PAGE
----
How to Improve Women’s Sex Drive (HINT: It’s Not Addyi)

How to Improve Women’s Sex Drive (HINT: It’s Not Addyi) August 18, 2015

Are you tired of prime time television commercials advertising drugs for erectile dysfunction?  Well, move over, gentlemen–because the ladies are about to catch up! Today the Food and Drug Administration approved Addyi (pronounced ADD’ee), a prescription drug produced by Sprout Pharmaceutical which promises to increase sexual desire in women.

But I’ve gotta tell you: It ain’t gonna work.

Image: Pixabay
Image: Pixabay

For starters, there are the health warnings on the box–which are substantial, warning patients of serious side effects including dangerously low blood pressure and fainting, especially when used in combination with alcohol or with certain other common medications including antifungals used to treat yeast infections. Other common side effects include nausea, drowsiness and dizziness.

The side effects are so dramatic that doctors will only be authorized to prescribe Addyi if they’ve completed an online certification process and passed a test. Doctors will be required to warn patients of side effects. Pharmacists, who must also complete licensing requirements and pass a test, must remind patients of the dangers if the drug is combined with alcohol.

And unlike the little blue pill for men, Viagra, Addyi won’t work if it’s taken just an hour before sexual activity. No–A woman who wants to increase her sexual appetite will need to take the drug for weeks or months before noticing any difference in her libido.

Because of the health risks, the delayed response, and the need for strict controls, many–including physicians and sex therapists–have circulated a petition urging the FDA to reject the company’s bid for approval, as they had twice before in 2010 and 2013.

According to the Associated Press:

The search for a pill to treat women’s sexual difficulties has been something of a holy grail for the pharmaceutical industry. It was pursued and later abandoned by Pfizer, Bayer and Procter & Gamble, among others. But drugs that act on blood flow, hormones and other biological functions all proved ineffective.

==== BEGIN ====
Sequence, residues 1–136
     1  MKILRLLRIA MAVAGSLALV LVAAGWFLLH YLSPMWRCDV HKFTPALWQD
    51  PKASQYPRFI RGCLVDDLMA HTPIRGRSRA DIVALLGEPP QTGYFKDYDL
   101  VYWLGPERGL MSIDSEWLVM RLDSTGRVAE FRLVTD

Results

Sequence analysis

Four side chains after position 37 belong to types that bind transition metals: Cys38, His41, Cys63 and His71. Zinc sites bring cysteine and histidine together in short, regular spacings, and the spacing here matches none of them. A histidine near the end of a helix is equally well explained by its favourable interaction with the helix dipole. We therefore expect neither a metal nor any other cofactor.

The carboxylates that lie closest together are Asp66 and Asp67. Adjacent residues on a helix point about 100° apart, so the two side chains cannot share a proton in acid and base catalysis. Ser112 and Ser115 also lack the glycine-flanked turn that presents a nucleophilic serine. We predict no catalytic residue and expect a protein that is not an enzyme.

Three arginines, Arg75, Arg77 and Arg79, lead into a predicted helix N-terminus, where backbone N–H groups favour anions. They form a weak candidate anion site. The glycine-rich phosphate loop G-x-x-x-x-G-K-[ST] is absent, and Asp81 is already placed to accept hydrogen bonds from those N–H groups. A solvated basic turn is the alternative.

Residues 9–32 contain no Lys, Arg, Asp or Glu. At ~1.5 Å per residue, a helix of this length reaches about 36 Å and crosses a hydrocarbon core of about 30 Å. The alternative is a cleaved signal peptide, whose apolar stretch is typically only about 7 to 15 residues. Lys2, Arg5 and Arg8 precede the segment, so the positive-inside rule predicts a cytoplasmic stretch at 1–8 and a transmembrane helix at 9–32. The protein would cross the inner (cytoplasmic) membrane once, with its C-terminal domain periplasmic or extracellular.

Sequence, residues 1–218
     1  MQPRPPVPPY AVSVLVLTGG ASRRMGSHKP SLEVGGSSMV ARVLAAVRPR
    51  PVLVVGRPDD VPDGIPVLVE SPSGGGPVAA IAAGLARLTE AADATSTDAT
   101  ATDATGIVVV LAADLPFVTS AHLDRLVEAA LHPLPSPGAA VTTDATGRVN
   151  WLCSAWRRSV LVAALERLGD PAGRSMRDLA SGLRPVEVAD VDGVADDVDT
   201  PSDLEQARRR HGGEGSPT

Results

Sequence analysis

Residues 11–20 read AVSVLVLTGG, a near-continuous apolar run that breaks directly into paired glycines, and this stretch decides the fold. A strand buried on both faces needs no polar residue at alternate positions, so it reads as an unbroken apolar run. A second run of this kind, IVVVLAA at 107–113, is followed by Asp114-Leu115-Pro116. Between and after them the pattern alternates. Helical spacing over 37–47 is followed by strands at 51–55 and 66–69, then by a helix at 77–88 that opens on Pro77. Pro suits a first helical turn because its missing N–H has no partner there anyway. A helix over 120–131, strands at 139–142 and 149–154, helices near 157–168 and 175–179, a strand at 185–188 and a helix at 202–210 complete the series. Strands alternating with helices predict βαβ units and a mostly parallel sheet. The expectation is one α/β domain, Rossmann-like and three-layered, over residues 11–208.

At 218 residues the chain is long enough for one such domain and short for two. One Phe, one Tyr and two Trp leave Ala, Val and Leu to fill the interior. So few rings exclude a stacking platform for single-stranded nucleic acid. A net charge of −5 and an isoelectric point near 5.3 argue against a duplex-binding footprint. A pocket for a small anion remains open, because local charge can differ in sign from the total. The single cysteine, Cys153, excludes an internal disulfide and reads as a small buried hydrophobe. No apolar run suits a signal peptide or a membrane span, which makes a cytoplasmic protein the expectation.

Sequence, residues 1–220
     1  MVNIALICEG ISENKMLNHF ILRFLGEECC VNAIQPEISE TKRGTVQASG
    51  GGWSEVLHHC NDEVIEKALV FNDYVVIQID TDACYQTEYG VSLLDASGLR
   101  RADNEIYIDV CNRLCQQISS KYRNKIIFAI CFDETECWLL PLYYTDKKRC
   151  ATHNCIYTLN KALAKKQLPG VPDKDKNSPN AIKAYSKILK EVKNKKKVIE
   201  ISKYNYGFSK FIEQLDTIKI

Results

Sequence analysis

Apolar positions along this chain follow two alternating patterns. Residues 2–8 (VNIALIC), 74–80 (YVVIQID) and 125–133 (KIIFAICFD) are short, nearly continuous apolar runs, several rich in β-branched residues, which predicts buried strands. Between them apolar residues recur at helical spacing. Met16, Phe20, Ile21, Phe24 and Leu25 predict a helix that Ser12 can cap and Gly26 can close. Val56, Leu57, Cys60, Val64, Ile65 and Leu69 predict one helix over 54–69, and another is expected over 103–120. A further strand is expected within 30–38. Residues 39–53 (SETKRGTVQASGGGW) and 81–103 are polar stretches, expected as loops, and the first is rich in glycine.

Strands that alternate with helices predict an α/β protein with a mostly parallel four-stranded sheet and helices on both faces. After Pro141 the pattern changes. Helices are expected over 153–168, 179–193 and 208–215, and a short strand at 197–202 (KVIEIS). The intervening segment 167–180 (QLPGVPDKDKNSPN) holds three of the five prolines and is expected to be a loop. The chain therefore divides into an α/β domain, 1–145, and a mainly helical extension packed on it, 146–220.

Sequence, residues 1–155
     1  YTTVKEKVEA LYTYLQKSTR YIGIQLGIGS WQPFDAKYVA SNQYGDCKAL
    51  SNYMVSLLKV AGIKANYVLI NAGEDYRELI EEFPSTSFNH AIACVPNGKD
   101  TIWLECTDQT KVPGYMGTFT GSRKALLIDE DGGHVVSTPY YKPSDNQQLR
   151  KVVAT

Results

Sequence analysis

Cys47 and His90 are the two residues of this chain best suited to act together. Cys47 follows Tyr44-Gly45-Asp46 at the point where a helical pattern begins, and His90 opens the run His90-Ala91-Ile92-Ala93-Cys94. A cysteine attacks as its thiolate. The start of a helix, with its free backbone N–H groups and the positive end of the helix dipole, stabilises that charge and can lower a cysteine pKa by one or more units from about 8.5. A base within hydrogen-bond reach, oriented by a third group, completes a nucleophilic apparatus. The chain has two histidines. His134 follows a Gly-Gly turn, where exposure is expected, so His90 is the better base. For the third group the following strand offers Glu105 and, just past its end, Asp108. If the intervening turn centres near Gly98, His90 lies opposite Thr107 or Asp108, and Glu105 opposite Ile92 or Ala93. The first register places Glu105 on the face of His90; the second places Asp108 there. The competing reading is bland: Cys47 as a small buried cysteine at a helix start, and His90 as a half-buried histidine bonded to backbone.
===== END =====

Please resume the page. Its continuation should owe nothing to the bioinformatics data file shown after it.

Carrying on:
Addyi, known generically as flibanserin, is the first drug that acts on brain chemicals that affect mood and appetite.

Women and their doctors will have to decide whether the drug’s modest benefits warrant taking a psychiatric pill on a daily basis.

And added to the side effects, the drug suffers from abysmally low success rates. According to the New York Times:

In one trial, for instance, women who took the drug had an average of 4.4 “satisfying sexual experiences” a month, compared with 3.7 for women getting a placebo and 2.7 before the study began. The drug did not increase desire more than a placebo when measured by a daily diary, but did do so modestly when measured by a monthly questionnaire.

But I’d like to suggest that despite the severe warnings and the meager results, there is another, more important reason why Addyi won’t achieve the desired goal.

Women are smart.

Women have the most to lose in a casual sexual relationship, or one in which her partner (hopefully, aka her husband) is not gentle and loving and self-donative toward her.

There’s nothing particularly sexy about two bodies rubbing up against one another for mutual relief of sexual need. I mean, the couple may have some kind of fun; they may achieve orgasm together; but that kind of purely kinesthetic relationship is not deeply satisfying and leads to unrest rather than fulfillment.

Dr. Gregory Popcak, in his excellent book Holy Sex: A Catholic Guide to Toe-Curling, Mind-Blowing, Infallible Loving, explains the difference between what he calls “holy sex” and eroticism–which isn’t really “sex” at all. To contrast the deeply intimate sexuality in a loving marriage with the cheap thrills of a casual erotic relationship, Dr. Popcak stands the two side-by-side:

Holy Sex = Very pleasurable. Eroticism = Very pleasurable.

Holy Sex = Driven by intimacy and arousal.  Eroticism = Driven solely by arousal.

Holy Sex = Overcomes shame.  Eroticism = Causes shame.

Holy Sex = Works for the good of the other.  Eroticism = Uses the other.

Holy Sex = Welcomes children.  Eroticism = Fears children.

Holy Sex = Shares the whole self.  Eroticism = Withholds the self.

Holy Sex = More joyful and vibrant with time.  Eroticism = More stagnant and boring with time (like a drug)

Holy Sex = Gives life and health.  Eroticism = Brings disease and death.

 Holy Sex goes on to discuss the five great powers of holy sex, and the anatomy of infallible lovemaking. Dr. Popcak shines light on common sexual problems for women and for men, and offers frank advice for effective foreplay, overcoming infertility, dealing with infidelity, sexual addiction, and when to seek help (and from whom).

Is there ever a time when a woman’s sexual urges are reduced? Well, yes–and of course, the hormonal smorgasbord which follows labor and delivery is one time that comes to mind. But for most women, the key to unlocking true sexual fulfillment is a life-long committed relationship in which she feels cherished and safe, a partner who wants what is best for her and not only what feels good to him.

Addyi will hit store shelves on October 17. Dr. Gregory Popcak’s Holy Sex is available today from Amazon.


Browse Our Archives